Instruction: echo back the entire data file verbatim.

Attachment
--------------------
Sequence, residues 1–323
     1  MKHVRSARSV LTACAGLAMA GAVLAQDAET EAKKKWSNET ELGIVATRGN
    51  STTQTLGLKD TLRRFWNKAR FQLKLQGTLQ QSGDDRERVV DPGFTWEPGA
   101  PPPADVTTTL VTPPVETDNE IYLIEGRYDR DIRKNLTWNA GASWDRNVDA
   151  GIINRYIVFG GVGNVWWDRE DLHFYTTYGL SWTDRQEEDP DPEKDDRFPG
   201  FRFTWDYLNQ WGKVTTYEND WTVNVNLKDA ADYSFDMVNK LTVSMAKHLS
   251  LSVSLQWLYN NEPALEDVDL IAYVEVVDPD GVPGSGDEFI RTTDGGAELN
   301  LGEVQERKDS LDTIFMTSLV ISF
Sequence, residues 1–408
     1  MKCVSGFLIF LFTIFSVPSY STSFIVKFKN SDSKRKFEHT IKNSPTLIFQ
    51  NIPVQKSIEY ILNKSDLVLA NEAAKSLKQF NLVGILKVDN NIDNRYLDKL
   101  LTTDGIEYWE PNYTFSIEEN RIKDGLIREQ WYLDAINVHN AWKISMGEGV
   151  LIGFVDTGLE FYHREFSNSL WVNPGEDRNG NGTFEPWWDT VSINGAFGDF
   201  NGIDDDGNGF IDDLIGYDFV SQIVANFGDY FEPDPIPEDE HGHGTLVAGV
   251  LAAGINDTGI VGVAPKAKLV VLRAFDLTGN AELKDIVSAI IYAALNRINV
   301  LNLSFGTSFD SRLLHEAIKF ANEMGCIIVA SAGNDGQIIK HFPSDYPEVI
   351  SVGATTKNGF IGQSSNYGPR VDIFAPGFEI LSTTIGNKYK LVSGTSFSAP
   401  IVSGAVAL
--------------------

Sequence, residues 1–323
     1  MKHVRSARSV LTACAGLAMA GAVLAQDAET EAKKKWSNET ELGIVATRGN
    51  STTQTLGLKD TLRRFWNKAR FQLKLQGTLQ QSGDDRERVV DPGFTWEPGA
   101  PPPADVTTTL VTPPVETDNE IYLIEGRYDR DIRKNLTWNA GASWDRNVDA
   151  GIINRYIVFG GVGNVWWDRE DLHFYTTYGL SWTDRQEEDP DPEKDDRFPG
   201  FRFTWDYLNQ WGKVTTYEND WTVNVNLKDA ADYSFDMVNK LTVSMAKHLS
   251  LSVSLQWLYN NEPALEDVDL IAYVEVVDPD GVPGSGDEFI RTTDGGAELN
   301  LGEVQERKDS LDTIFMTSLV ISF
Sequence, residues 1–408
     1  MKCVSGFLIF LFTIFSVPSY STSFIVKFKN SDSKRKFEHT IKNSPTLIFQ
    51  NIPVQKSIEY ILNKSDLVLA NEAAKSLKQF NLVGILKVDN NIDNRYLDKL
   101  LTTDGIEYWE PNYTFSIEEN RIKDGLIREQ WYLDAINVHN AWKISMGEGV
   151  LIGFVDTGLE FYHREFSNSL WVNPGEDRNG NGTFEPWWDT VSINGAFGDF
   201  NGIDDDGNGF IDDLIGYDFV SQIVANFGDY FEPDPIPEDE HGHGTLVAGV
   251  LAAGINDTGI VGVAPKAKLV VLRAFDLTGN AELKDIVSAI IYAALNRINV
   301  LNLSFGTSFD SRLLHEAIKF ANEMGCIIVA SAGNDGQIIK HFPSDYPEVI
   351  SVGATTKNGF IGQSSNYGPR VDIFAPGFEI LSTTIGNKYK LVSGTSFSAP
   401  IVSGAVAL